Plants sense changes in day length (= photoperiod) as a reliable seasonal cue to regulate important developmental transitions such as flowering. Integration of various external light information into the circadian clock-controlled mechanisms enables plants to precisely measure photoperiod changes in the surrounding environment. The core mechanism of photoperiodic measurement is regulation of CONSTANS (CO) activity, which takes place in phloem companion cells in leaves. Until recently, it remained unclear whether plants possess specific variations of the clock for this regulation. Now it is known that a specific circadian timing mechanism in the vascular tissue is essential for photoperiodic flowering. In addition to spatial tissue-specific regulation, temporal regulation of CO activity is also important. The identification and characterization of multiple regulators that physically interact with CO and influence its function in the morning in long days are two recent advances in photoperiodic regulation of flowering time. It seems that CO acts as a network hub to integrate various external and internal signals into the photoperiodic flowering pathway. CO regulates the amount of FLOWERING LOCUS T (FT) transcripts and FT protein moves from companion cells of leaf phloem to the shoot apical meristem. The protein that helps long-distance transport of FT protein was also identified recently. Here, we introduce recent advances in tissue-specific variations of the circadian clock and the emerging picture of the intricate connections of transcriptional regulators through CO in the morning, which all facilitate plants knowing when to flower.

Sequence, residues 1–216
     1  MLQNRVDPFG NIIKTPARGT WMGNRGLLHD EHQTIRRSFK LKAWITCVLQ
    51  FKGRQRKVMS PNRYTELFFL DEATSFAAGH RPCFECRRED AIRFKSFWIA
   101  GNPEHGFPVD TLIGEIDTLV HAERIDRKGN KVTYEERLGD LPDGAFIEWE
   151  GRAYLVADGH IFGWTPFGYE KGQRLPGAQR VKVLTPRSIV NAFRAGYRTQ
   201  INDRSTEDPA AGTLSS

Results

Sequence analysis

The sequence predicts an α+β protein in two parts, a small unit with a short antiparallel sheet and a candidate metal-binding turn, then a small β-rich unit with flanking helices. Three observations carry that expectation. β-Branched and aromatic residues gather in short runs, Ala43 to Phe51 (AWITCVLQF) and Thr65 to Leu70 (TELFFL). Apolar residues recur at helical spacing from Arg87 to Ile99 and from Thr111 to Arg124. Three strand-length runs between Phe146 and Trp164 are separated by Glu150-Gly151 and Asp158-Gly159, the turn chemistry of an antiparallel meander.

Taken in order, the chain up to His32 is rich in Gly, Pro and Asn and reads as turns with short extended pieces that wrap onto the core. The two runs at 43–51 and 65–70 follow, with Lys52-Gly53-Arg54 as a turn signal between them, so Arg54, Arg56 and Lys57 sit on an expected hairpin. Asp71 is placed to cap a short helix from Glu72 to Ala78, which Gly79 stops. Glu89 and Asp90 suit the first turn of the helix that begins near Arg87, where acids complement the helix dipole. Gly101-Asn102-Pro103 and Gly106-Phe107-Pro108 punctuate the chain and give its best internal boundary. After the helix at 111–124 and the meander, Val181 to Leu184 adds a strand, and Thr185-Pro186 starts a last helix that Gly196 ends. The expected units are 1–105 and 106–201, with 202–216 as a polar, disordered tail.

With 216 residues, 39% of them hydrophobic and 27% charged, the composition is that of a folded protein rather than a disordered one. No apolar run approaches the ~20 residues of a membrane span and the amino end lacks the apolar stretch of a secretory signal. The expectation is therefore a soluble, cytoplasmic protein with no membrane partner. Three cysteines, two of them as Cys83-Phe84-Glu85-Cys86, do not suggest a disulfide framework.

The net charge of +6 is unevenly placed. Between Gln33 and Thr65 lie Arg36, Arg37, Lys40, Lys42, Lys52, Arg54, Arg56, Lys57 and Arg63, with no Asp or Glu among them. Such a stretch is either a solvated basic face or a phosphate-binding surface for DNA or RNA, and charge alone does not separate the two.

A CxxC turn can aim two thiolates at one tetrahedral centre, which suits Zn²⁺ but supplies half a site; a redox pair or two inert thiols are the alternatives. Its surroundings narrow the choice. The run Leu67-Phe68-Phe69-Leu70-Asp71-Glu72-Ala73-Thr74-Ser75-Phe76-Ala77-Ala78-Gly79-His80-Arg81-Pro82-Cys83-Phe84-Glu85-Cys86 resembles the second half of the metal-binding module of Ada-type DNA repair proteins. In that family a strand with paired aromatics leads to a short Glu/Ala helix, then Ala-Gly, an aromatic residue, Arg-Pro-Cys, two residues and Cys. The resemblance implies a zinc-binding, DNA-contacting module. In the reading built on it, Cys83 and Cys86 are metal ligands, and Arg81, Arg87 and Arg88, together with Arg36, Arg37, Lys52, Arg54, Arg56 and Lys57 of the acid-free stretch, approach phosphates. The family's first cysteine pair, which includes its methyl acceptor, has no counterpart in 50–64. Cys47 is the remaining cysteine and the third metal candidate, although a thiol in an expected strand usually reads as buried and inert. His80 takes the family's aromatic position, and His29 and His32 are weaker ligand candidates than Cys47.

Shim, J.S., Kubota, A. and Imaizumi, T. (2017). Circadian Clock and Photoperiodic Flowering in Arabidopsis: CONSTANS Is a Hub for Signal Integration. Plant Physiology. 173: 5-15.